With resumes, you know it's a matter of show, don't tell.
You can't just tell potential employers how wonderful you are at curbing downtime; well, you can, but your resume won't go anywhere. You have to show them, and by showing, hiring managers and screeners want cold, hard numbers.
“Put numbers on your resume,” icrunchdata co-founder Todd Nevins tells SmartRecruiters. “Percentages. Growth. Not just what you did, but the impact on the business.”
But, as an IT professional, you’re awash in numbers. What exactly are hiring mangers looking for? Erin Osterhaus of SoftwareAdvice breaks it down:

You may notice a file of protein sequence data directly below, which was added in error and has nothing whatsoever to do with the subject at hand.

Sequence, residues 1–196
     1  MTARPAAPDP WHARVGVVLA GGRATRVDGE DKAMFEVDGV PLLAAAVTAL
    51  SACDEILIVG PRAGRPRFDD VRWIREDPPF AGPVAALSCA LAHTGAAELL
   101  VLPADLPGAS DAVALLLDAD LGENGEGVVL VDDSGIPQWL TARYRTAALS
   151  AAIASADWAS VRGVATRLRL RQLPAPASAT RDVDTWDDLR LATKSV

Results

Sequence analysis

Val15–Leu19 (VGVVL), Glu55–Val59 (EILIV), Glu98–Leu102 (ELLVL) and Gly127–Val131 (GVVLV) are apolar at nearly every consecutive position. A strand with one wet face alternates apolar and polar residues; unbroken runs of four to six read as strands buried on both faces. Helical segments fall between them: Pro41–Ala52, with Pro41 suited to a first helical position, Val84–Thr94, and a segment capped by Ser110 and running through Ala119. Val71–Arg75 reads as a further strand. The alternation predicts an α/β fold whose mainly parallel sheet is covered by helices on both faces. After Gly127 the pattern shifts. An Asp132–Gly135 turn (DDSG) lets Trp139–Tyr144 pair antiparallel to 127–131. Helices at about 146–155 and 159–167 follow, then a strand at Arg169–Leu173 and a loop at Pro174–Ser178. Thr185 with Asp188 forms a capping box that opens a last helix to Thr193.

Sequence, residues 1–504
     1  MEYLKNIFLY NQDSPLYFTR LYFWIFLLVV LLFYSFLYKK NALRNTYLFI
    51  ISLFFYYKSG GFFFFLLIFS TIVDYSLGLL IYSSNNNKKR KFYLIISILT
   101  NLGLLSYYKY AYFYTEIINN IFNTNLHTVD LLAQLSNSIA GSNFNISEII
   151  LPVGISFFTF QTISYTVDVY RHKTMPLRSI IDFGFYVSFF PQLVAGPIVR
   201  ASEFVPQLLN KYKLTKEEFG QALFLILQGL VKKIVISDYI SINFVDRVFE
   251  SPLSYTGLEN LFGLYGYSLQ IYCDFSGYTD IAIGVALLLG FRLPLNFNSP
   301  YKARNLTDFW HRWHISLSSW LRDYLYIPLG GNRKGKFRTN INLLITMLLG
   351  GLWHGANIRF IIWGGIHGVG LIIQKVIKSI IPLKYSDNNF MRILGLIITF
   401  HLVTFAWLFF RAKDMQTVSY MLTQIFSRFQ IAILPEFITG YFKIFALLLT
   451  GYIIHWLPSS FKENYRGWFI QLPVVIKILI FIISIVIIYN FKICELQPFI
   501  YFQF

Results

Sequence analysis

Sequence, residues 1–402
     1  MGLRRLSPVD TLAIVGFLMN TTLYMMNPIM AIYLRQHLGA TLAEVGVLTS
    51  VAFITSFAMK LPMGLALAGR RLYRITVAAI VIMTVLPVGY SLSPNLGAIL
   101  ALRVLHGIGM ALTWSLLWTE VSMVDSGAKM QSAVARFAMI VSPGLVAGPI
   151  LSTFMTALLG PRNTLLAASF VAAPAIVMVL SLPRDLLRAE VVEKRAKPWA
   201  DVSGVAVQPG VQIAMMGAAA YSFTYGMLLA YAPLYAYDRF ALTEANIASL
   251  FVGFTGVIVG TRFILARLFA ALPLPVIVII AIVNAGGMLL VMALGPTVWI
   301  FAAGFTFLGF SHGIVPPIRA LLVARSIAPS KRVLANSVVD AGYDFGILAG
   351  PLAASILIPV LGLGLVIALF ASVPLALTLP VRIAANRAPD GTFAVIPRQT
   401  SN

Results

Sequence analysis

Growth: How much did revenue/calls/clients grow during your tenure?
Savings: How much money did you save the company during your time there?
Time: How long did it take you to accomplish these achievements?
Now, as a codicil to the Growth category, in the case of many IT positions, Reduction may be more applicable and impressive.
Devin Albert, a technology account manager at Oracle, advocates putting those numbers in the form of percentages for the ease of the person reviewing your resume.
“Absolute numbers may be difficult to compare, depending on the field or industry,” she says. “Percentages, on the other hand, are a fair and standard measurement.”
Click below for specific examples and more practical advice.